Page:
Marion Bocquet, Sara Fleury, Fanny Piras, Eero Rinne, Heidi Sallila, Florent Garnier, and Frédérique Rémy
The Cryosphere, 17, 3013–3039,Short summary
Sea ice has a large interannual variability, and studying its evolution requires long time series of observations. In this paper, we propose the first method to extend Arctic sea ice thickness time series to the ERS-2 altimeter. The developed method is based on a neural network to calibrate past missions on the current one by taking advantage of their differences during the mission-overlap periods. Data are available as monthly maps for each year during the winter period between 1995 and 2021.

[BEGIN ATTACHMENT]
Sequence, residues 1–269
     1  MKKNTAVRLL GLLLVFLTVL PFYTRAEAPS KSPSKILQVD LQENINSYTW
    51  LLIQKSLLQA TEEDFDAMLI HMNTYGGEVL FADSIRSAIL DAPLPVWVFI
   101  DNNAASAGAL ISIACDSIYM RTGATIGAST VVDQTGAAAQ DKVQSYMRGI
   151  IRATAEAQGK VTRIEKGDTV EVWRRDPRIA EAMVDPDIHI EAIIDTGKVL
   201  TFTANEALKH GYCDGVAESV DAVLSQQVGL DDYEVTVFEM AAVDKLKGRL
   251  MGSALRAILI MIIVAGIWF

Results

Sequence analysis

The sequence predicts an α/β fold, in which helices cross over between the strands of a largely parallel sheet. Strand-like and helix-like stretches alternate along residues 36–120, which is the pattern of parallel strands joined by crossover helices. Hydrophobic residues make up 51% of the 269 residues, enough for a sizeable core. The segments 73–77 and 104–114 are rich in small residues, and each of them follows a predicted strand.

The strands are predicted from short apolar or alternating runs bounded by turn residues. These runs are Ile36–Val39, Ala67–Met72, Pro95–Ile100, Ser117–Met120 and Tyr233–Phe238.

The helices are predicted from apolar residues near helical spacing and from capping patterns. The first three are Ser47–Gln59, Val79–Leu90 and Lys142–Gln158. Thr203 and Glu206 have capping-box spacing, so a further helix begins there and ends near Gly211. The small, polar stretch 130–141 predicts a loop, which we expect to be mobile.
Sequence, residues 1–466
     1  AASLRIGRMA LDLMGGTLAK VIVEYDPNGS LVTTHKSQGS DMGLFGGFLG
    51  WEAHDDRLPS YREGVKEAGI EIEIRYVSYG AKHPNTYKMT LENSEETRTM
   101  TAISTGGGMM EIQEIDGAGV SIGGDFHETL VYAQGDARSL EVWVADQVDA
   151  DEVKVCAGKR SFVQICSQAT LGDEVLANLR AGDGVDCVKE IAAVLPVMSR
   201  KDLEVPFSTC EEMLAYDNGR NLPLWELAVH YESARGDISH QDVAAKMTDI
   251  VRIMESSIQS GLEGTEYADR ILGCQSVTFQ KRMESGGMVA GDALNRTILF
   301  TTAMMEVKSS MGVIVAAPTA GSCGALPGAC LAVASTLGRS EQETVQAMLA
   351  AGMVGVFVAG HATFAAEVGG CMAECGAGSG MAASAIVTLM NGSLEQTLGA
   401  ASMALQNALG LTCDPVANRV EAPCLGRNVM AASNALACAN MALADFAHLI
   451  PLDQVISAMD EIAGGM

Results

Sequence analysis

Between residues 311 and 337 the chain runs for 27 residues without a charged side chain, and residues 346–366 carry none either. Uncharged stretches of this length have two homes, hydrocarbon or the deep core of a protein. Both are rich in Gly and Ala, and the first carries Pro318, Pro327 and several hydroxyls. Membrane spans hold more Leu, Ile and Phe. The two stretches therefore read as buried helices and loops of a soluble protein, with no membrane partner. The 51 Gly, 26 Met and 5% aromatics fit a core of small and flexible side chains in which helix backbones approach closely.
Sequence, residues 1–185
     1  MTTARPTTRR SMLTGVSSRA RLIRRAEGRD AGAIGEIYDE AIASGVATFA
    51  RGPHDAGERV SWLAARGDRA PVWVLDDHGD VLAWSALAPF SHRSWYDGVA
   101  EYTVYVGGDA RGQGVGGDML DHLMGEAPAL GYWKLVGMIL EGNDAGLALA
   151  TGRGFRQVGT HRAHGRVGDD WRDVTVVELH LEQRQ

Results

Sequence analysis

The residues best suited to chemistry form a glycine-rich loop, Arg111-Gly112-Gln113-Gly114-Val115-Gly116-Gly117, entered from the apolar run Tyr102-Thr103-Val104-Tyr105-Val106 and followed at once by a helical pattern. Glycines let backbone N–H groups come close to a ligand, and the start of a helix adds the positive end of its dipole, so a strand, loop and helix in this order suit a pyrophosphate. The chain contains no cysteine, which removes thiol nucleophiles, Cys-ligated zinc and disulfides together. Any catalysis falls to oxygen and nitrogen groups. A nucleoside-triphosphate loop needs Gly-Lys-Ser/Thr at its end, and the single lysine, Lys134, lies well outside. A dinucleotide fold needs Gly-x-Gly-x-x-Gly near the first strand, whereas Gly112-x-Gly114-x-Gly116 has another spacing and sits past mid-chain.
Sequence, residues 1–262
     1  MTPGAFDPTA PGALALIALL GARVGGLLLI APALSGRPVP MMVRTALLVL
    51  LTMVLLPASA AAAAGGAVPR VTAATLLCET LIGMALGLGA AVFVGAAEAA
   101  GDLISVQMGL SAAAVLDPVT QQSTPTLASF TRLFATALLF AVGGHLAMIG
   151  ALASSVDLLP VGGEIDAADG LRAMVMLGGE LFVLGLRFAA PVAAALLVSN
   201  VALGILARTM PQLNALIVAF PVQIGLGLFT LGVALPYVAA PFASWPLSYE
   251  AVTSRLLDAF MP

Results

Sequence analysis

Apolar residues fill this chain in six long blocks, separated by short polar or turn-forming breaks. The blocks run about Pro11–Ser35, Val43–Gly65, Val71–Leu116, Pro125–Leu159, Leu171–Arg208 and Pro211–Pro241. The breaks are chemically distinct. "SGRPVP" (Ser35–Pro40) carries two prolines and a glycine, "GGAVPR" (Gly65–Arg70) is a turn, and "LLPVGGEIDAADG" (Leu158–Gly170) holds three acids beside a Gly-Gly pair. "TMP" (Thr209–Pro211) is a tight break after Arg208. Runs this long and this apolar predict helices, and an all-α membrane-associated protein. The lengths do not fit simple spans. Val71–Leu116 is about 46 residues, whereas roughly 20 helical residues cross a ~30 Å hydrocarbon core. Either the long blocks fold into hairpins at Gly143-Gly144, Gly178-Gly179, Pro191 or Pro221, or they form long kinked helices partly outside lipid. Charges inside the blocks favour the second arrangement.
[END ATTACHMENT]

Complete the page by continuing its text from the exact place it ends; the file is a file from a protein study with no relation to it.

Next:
Nina Raoult, Sylvie Charbit, Christophe Dumas, Fabienne Maignan, Catherine Ottlé, and Vladislav Bastrikov
The Cryosphere, 17, 2705–2724,Short summary
Greenland ice sheet melting due to global warming could significantly impact global sea-level rise. The ice sheet's albedo, i.e. how reflective the surface is, affects the melting speed. The ORCHIDEE computer model is used to simulate albedo and snowmelt to make predictions. However, the albedo in ORCHIDEE is lower than that observed using satellites. To correct this, we change model parameters (e.g. the rate of snow decay) to reduce the difference between simulated and observed values.
Johan Nilsson, Eef van Dongen, Martin Jakobsson, Matt O'Regan, and Christian Stranne
The Cryosphere, 17, 2455–2476,Short summary